How Long Do Pit Bulls Live? What Is The Lifespan Of A Pit Bull Explained

how long do pit bulls live

How long do pit bulls live?  Do they have a longer lifespan than other dogs?  Is there a way to increase my dog’s lifespan?  These are all questions I’ve been asked before by concerned dog owners.  One of the greatest joys in life is having a furry companion.  It also hurts dearly when you lose them as well.  That’s why so many people want to know how long they have left with their faithful friend.

Hi, my name is Mike and I’ve had the honor of working with dogs for most of my adult life.  Over the past few years I’ve gotten a lot of questions so I decided to start this website to help answer some for people like you.  Today we will be discussing dog lifespans.  Specifically, we will be looking at the lifespan of the pit bull breed.  How long do they generally live?  Lets find out.

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How Long Do Pit Bulls Live?

There are several different types of pit bull and they all have about the same general life span and health issues.  Most vets agree that the average lifespan for a healthy pit bull is between 12-15 years.  Now your pit bull may live to be 19 or 20.  It could also pass away early due to other health complications.  The breed gives us a good baseline but it does not tell the whole story when we ask the, “how long to pit bulls live?” question.

I’ve worked with several different types of pit bull over the years and they all have generally the same health concerns and life span.  There are ways to increase their lifespan and mitigate the environmental risks that they face.  Sadly, there is not much we can do about genetic predisposition.  If their genes are bad, they will usually suffer from one health condition or another.

One thing to also remember is that pure breed animals tend to have more issues than mixed breed when it comes to genetic health issues.  Also, there is something to be said about buying from puppy mills or pet stores.  They generally don’t care much about the genetics of the breed and are only in it to make money.  This can mean that they cut some corners when keeping their animals healthy that could cause genetic issues in future breeds or current deficiencies in their pups for sale.  More on that later. Lets talk Genetics.

Pit Bull Genetics And Lifespan Explained

Pit bull breeds all have the same basic genetic traits are thus exposed to the same genetic health deficiencies.  Lets talk about a few of these more in depth.

  • Hip Dysplasia:  This is a deformity in the growth of the hip ball and socket joints.  This will usually occur during the puppy years and get progressively worse into adulthood.  The dog’s body may try to overcompensate for this by developing a limp or more swollen joints.  They can use the extra fluid to attempt to create a balance but this does not last for long and eventually pain and decreased range of motion will be experienced.  The worst cases can require surgery or euthanasia.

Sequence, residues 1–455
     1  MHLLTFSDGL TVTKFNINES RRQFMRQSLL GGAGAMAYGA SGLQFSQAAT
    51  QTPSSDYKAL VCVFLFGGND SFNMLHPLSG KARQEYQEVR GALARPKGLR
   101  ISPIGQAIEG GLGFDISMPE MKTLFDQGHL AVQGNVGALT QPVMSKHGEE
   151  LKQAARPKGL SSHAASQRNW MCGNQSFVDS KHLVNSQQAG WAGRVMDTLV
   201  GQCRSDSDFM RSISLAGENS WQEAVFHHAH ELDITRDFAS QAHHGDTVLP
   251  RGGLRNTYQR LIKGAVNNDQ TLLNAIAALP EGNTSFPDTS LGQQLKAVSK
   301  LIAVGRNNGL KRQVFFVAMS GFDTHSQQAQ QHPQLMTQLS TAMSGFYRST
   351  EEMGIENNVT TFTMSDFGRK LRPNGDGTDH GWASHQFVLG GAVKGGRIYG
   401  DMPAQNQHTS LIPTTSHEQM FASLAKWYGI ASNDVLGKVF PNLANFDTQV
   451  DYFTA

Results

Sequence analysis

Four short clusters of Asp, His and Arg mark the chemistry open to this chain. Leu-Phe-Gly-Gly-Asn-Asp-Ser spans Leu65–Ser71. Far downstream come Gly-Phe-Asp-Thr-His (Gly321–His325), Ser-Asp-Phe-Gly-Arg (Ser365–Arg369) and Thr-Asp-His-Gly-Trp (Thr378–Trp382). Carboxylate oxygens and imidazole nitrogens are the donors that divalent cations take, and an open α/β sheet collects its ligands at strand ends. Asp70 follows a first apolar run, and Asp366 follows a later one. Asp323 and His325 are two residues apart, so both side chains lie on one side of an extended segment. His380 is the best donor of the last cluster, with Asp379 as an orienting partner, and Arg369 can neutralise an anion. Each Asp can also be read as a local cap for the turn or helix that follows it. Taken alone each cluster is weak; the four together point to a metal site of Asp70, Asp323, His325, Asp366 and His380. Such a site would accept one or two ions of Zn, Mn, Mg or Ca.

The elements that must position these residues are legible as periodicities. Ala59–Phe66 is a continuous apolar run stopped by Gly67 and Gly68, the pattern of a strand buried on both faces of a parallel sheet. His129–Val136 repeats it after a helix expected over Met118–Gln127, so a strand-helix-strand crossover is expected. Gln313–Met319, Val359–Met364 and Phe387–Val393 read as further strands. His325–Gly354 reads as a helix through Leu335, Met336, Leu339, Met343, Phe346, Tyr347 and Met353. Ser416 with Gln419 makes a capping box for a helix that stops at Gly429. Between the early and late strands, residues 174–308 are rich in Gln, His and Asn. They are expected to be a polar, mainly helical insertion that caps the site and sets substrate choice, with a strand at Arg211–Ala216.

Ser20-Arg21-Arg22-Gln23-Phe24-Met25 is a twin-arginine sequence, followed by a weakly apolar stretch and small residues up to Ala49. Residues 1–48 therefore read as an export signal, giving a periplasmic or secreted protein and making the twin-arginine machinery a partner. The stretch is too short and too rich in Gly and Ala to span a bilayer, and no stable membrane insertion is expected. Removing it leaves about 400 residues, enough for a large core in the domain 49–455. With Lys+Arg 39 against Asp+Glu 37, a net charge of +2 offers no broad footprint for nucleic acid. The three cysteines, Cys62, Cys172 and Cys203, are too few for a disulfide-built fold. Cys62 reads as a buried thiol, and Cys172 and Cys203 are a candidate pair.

• Heart Disease:  This disease can greatly decrease the life span of your dog.  It starts with genetics but can be exacerbated by diet and lifestyle.  Essentially, the blood flow is weak in the body and can cause all types of problems including poor circulation.  The heart is constantly working in overtime but eventually, it won’t be able to keep up and the dog passes away.
  • Hypothyroidism:  This is where your dog’s body will begin to break down in various ways because it’s thyroid is not producing enough of the proper hormones to keep it healthy.  Namely thyroxine.  This is the hormone that controls metabolism.  This is a treatable disease and can be managed without decrease in quality of life for your dog.
  • Cataracts:  This is a genetic issue that causes blindness or clouded vision.  Most dogs won’t develop this issue till much later in life.  Most of the time, the issue goes untreated and the dog will get a little more clumsy or move slower as they have difficulty seeing.

pit bull genetics and lifespan explained

Pit Bull Lifespan: Factors We Control

Listed above are genetic concerns that are hard to fight against because they involve the genes of the dog itself.  Below I’m going to go over several things we do have control over and how to best keep our dogs happy and alive for as long as possible.

How Long Do Pit Bulls Live: Exercise

exercise is one of the key factors to prolonging your dogs life.  This goes double for highly active dogs like pit bulls.  You want to make sure that your dog is getting an adequate amount of exercise each day.  How do you do this?  Generally, a good 15-30 min walk in the morning followed by several other short walks and play sessions is enough to keep your dog active and healthy.  This can help them fight off environmental health concerns like obesity and diabetes.

Exercise also goes a long way towards keeping your dog obedient and willing to listen to you.  Dogs that have some exercise each day won’t be brimming with untapped energy.  That energy can cause mischief if not channeled correctly and head aches for you if not careful.

The more exercise you can give your dog the better when it comes to keeping your things intact as well.  Bored dogs tend to be bad dogs.  They get into things they aren’t supposed to or chew on things they shouldn’t.  If they don’t have this abundance of energy in the first place, there’s much less of a likelihood this will occur.

Lack of exercise can cause depression and acting out in your dog.  It can also be a contributing factor to things like heart disease and hypothyroidism.  Get your dog out for some exercise each day!

Pit Bull Lifespan And Diet